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Alleviating the Constant Stochastic Variance Assumption in Decision Research: Theory, Measurement, and Experimental Test

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  • Linda Court Salisbury

    () (Carroll School of Management, Boston College, Chestnut Hill, Massachusetts 02467)

  • Fred M. Feinberg

    () (Stephen M. Ross School of Business, University of Michigan, Ann Arbor, Michigan 48109)

Abstract

Analysts often rely on methods that presume constant stochastic variance, even though its degree can differ markedly across experimental and field settings. This reliance can lead to misestimation of effect sizes or unjustified theoretical or behavioral inferences. Classic utility-based discrete-choice theory makes sharp, testable predictions about how observed choice patterns should change when stochastic variance differs across items, brands, or conditions. We derive and examine the implications of assuming constant stochastic variance for choices made under different conditions or at different times, in particular, whether substantive effects can arise purely as artifacts. These implications are tested via an experiment designed to isolate the effects of stochastic variation in choice behavior. Results strongly suggest that the stochastic component should be carefully modeled to differ across both available brands and temporal conditions, and that its variance may be relatively greater for choices made for the future. The experimental design controls for several alternative mechanisms (e.g., flexibility seeking), and a series of related models suggest that several econometrically detectable explanations like correlated error, state dependence, and variety seeking add no explanatory power. A series of simulations argues for appropriate flexibility in discrete-choice specification when attempting to detect temporal stochastic inflation effects.

Suggested Citation

  • Linda Court Salisbury & Fred M. Feinberg, 2010. "Alleviating the Constant Stochastic Variance Assumption in Decision Research: Theory, Measurement, and Experimental Test," Marketing Science, INFORMS, vol. 29(1), pages 1-17, 01-02.
  • Handle: RePEc:inm:ormksc:v:29:y:2010:i:1:p:1-17
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    File URL: http://dx.doi.org/10.1287/mksc.1080.0464
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    References listed on IDEAS

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    Cited by:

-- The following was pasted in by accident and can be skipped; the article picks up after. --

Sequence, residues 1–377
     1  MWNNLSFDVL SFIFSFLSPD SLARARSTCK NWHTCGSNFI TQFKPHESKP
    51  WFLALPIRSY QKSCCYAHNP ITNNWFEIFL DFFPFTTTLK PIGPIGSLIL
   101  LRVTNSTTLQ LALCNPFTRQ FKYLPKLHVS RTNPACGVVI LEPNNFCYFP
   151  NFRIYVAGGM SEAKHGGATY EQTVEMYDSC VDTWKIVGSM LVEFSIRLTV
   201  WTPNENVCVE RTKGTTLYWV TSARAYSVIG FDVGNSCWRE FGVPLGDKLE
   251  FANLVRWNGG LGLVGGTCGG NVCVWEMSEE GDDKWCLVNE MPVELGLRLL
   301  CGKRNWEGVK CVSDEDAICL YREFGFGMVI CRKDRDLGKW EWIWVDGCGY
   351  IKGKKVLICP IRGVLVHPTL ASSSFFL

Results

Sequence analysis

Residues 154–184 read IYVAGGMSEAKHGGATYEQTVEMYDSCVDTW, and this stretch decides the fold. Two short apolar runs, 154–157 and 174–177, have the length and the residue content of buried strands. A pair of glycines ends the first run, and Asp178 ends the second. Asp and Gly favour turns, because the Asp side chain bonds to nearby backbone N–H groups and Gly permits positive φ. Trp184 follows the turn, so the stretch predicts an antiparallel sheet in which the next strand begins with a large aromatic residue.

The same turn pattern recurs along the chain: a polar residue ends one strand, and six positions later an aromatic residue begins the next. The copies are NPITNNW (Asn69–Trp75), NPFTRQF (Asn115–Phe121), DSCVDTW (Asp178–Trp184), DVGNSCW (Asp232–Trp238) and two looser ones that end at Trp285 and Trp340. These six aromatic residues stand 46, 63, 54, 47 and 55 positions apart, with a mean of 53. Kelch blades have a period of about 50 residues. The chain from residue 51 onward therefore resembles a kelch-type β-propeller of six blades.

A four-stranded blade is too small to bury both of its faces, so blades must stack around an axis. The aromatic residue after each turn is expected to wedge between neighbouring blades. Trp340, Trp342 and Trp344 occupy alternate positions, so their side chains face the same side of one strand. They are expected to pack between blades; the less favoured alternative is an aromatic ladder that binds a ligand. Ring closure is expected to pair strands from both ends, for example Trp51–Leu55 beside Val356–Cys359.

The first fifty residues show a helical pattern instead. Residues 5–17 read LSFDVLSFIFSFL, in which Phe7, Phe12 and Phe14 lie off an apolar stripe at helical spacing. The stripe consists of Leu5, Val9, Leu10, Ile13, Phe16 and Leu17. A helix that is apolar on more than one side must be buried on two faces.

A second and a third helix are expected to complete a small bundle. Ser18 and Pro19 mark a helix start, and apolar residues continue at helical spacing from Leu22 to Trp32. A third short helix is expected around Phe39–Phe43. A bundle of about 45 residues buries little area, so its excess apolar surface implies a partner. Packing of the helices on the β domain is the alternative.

1. Mikołaj Czajkowski & Nick Hanley & Jacob LaRiviere, 2016. "Controlling for the Effects of Information in a Public Goods Discrete Choice Model," Environmental & Resource Economics, Springer;European Association of Environmental and Resource Economists, vol. 63(3), pages 523-544, March.
    2. James Agarwal & Wayne DeSarbo & Naresh K. Malhotra & Vithala Rao, 2015. "An Interdisciplinary Review of Research in Conjoint Analysis: Recent Developments and Directions for Future Research," Customer Needs and Solutions, Springer;Institute for Sustainable Innovation and Growth (iSIG), vol. 2(1), pages 19-40, March.
    3. Cameron, Trudy Ann & DeShazo, J.R., 2013. "Demand for health risk reductions," Journal of Environmental Economics and Management, Elsevier, vol. 65(1), pages 87-109.
    4. Harmsen-van Hout, Marjolein J.W. & Dellaert, Benedict G.C. & Herings, P. Jean-Jacques, 2008. "Behavorial Effects in Individual Decisions of Network Formation," Research Memorandum 019, Maastricht University, Maastricht Research School of Economics of Technology and Organization (METEOR).
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    7. N. Flynn, Terry & J. Peters, Tim & Coast, Joanna, 2013. "Quantifying response shift or adaptation effects in quality of life by synthesising best-worst scaling and discrete choice data," Journal of choice modelling, Elsevier, vol. 6(C), pages 34-43.
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    9. Jordan Louviere & Joffre Swait, 2010. "—Discussion of “Alleviating the Constant Stochastic Variance Assumption in Decision Research: Theory, Measurement, and Experimental Test”," Marketing Science, INFORMS, vol. 29(1), pages 18-22, 01-02.
    10. Demi Chung & David A. Hensher, 2015. "Modelling Risk Perceptions of Stakeholders in Public–Private Partnership Toll Road Contracts," Abacus, Accounting Foundation, University of Sydney, vol. 51(3), pages 437-483, September.
    11. Linda Court Salisbury & Fred M. Feinberg, 2010. "—Temporal Stochastic Inflation in Choice-Based Research," Marketing Science, INFORMS, vol. 29(1), pages 32-39, 01-02.
    12. Harmsen - van Hout, Marjolein J.W. & Dellaert, Benedict G.C. & Herings, P. Jean-Jacques, 2016. "Heuristic decision making in network linking," European Journal of Operational Research, Elsevier, vol. 251(1), pages 158-170.
    13. Hoyos, David, 2010. "The state of the art of environmental valuation with discrete choice experiments," Ecological Economics, Elsevier, vol. 69(8), pages 1595-1603, June.
    14. J. Wesley Hutchinson & Gal Zauberman & Robert Meyer, 2010. "—On the Interpretation of Temporal Inflation Parameters in Stochastic Models of Judgment and Choice," Marketing Science, INFORMS, vol. 29(1), pages 23-31, 01-02.
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